are not fit parents have no empirical foundation.
Good parenting is not influenced by
sexual orientation. It is influenced most by a parent’s
ability to create a loving and nurturing home. This
ability has nothing to do with whether the parent is gay
There is no evidence to support claims
that children of lesbian and gay parents are less
intelligent, suffer from more problems, are less
popular, or have lower self-esteem than children of
Research suggests that sexual identities
(including gender identity, gender-role behavior, and
sexual orientation) develop in much the same ways among
children of gay and lesbian parents as they do among
children of heterosexual parents.
There is no conclusive evidence that
homosexuality is linked to one's environment. In other
words, growing up in a same-sex couple household will
not "make" a child gay.
& Trevor Plus Four Sons
& Karla Plus Twelve
Ricardo & Jesse Plus Four Sons
& Hugo Plus One Infant
& Elaine Plus Two
Cari & Kim Plus Khaya
Cari Searcy and Kim McKeand legally
married in 2008. Cari Searcy's partner, Kim McKeand, had
given birth to a baby boy, Khaya Searcy, in December
2005, with the aid of a donor. Searcy then sought to
become the adoptive parent of the child, who bears her
last name. Adoption would give Searcy rights to make
medical decisions for the child as well as securing the
sense of family in their home.
In July 2015, Baldwin County (Alabama)
Circuit Court Judge James Reid granted the adoption for
Cari Searcy in Mobile County Probate Court. His approval
of the measure ended a winding and politically fraught
legal battle for Searcy and her wife Kim McKeand,
Khaya's biological mother.
Their four-year-long quest to adopt the
child led to a federal judge overturning the state's
constitutional ban on same-sex marriage.
"It was such a surreal feeling to hear
the judge say that it is in the best interest of this
boy to have two legal parents," Searcy said. "For me,
that's when I broke down. It's very emotional and a day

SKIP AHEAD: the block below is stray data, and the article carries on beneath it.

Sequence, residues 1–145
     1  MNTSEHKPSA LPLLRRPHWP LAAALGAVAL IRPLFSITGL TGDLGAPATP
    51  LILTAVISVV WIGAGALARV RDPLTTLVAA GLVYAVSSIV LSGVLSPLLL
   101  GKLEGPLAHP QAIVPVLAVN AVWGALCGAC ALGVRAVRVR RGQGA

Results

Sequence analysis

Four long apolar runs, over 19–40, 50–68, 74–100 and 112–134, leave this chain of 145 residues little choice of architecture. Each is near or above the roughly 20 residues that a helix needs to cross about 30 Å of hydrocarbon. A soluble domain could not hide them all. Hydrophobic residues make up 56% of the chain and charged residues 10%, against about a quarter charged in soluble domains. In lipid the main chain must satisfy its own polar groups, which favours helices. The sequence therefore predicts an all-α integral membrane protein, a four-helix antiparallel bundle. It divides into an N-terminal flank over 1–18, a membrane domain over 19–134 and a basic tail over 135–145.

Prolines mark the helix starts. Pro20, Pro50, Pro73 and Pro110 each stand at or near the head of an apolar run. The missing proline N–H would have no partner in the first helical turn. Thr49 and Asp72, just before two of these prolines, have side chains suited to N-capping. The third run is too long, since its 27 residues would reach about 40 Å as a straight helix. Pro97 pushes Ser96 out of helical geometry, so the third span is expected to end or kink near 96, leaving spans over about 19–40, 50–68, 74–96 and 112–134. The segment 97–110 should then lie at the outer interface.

we've been waiting for a long, long time."
Searcy first filed paperwork in Mobile
County Probate Court in 2011 to legally adopt the boy,
whom she has raised since birth. After a brief hearing,
Mobile County Probate Judge Don Davis rejected the
petition in April 2012, citing the state's ban on
same-sex marriage. The Alabama Court of Civil Appeals
later upheld that decision.
In February 2015, a federal judge ruled
that Searcy could not be denied her desire to adopt
Khaya, clearing the way for same-sex marriage in
But hours before the law legalizing
same-sex marriage was to begin, Supreme Court Chief
Justice Roy Moore ordered the state's probate judges to
withhold same-sex marriage licenses pending the US
Supreme Court decision on the matter.
Searcy filed a second lawsuit after Davis
indicated he would not give final approval of the
adoption until after US Supreme Court case resolved the
same-sex marriage issue. The US Supreme Court legalized
same-sex marriage nationwide in June 2015, striking down
any remaining barriers to Searcy's adoption.
At the courthouse, Khaya, 9, was dressed
for the occasion, wearing a gray suitcoat, a blue button
up shirt, dress pants, and a plaid clip-on tie.
Clutching a brown teddy bear, he said, "It's good that I
finally have two legal parents."
[Source: Casey Toner, Alabama Media
Group, July 2015]